OT: fires in gas powered cars

It says the 300,000 Teslas on the road have been driven a total of 7.5 billion miles, and about 40 fires have been reported... compared to a rate of 55 fires per billion miles traveled in gasoline cars."
Are Electric Cars More Likely To Catch Fire?
CNN Business - May 17, 2018
--.https://money.cnn.com/2018/05/17/news/companies/electric-car-fire-risk/index.html#:~:text=It%20says%20the%20300%2C000%20Teslas,miles%20traveled%20in%20gasoline%20cars.
Reply to
bruce2bowser
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In alt.home.repair, on Fri, 24 Jul 2020 21:39:49 -0700 (PDT),
I've had tires on my gas-powered cars for years and I don't think the cars would roll very well without them.
Reply to
micky
I have used LiIon batteries for many years with no problems.
So the claim that electric cars more likely to catch fire is bogus.
Have a great evening.
Andy
Reply to
AK
I would hate to see what happens to those LiIon batteries in a collision. Boom!
Reply to
T
I know a guy who had an electric car about 15 years ago. He rear-ended a truck and ended up welding the front of his Prius(?) to the truck's back bumper.
Cindy Hamilton
Reply to
Cindy Hamilton
Couple of years ago the news seemed to have some disaster related to the batteries every few days. Planes catching on fire phones burning down the house. Now nothing.
Reply to
Ed Pawlowski
Regular cars had their share of problems to but it was still usually electrical. I think it was the Fords that were having electrical fires because of a bad ignition switch or something. The gasoline just makes that fire more exciting. OTOH so are LiIon batteries. Once one of them fails, it is going to burn until it depletes the charge and water is not going to help the situation. I smacked an old I phone battery with a hammer and it was very exciting. It sparked and arced for about 3-5 minutes and burned a hole in the grass about 3 feet around. That was a bad battery that wouldn't hold a charge. Makes me wonder what a good one will do.
Reply to
gfretwell
In article , snipped-for-privacy@aol.com says...
That brings up a question for me. Will water put out a LiIon battery fire or does it take special chemicals, or does it just burn to all the chemicals in the battery have reacted ?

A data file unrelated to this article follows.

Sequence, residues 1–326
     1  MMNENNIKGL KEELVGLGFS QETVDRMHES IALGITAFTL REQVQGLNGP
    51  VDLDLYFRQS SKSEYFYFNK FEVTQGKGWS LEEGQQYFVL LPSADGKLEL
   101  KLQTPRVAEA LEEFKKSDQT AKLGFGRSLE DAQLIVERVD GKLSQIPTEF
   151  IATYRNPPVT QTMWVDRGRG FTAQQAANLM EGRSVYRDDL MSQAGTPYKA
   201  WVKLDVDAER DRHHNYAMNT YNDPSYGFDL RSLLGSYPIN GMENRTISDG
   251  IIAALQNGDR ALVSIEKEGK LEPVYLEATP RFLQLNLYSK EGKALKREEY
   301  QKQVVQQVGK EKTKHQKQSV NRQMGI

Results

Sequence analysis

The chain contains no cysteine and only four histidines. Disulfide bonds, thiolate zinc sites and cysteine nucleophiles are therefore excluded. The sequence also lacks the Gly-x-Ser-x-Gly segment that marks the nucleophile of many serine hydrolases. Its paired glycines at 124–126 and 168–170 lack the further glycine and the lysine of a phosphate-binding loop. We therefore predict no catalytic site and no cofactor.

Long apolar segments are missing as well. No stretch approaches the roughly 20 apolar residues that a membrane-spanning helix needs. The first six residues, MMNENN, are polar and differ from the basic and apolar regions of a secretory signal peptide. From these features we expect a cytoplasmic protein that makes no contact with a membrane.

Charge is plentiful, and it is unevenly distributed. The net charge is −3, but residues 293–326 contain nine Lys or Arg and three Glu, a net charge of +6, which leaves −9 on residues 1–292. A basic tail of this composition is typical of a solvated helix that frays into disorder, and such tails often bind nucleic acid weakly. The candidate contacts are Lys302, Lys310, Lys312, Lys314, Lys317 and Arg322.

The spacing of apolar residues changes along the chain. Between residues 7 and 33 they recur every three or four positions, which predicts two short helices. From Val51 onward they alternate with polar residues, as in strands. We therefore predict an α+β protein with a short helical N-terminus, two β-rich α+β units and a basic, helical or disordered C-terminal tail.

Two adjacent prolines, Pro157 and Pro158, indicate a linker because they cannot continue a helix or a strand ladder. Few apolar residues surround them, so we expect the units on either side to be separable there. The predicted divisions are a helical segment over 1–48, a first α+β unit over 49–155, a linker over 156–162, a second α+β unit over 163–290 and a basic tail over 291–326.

I know some elements will burn if water is added or will burn under water.
I could just imiange what enough to power a car could do.
Reply to
Ralph Mowery
Having dropped that little BB sized piece of lithium in a beaker of water in high school I decided water was a bad idea.
Reply to
gfretwell
On Sat, 25 Jul 2020 21:42:40 -0400, snipped-for-privacy@aol.com posted for all of us to digest...
Toyota has held fire fighting schools at the county level for years and I believe Tesla is now doing it also. Basically, don't get too close and let it burn.
The last problem prior to electric cars was ethanol. It causes a lot of fires because of leaks and flammability. Fire engines had to be equipped with foam eductors for use of foam on car fires. The eductors are expensive and nobody gives the foam away, which takes up a lot of space on the equipment. Used to be able to use water on a car fire and fill up at the hydrant for no cost - not anymore.
All electric cars have a disconnect for the batteries. You don't just cut the cables anymore. FF's have to do it or risk getting the airbag tuneup. Also the tow companies better respect it or risk a fire on the top of flatbed.
Reply to
Tekkie®

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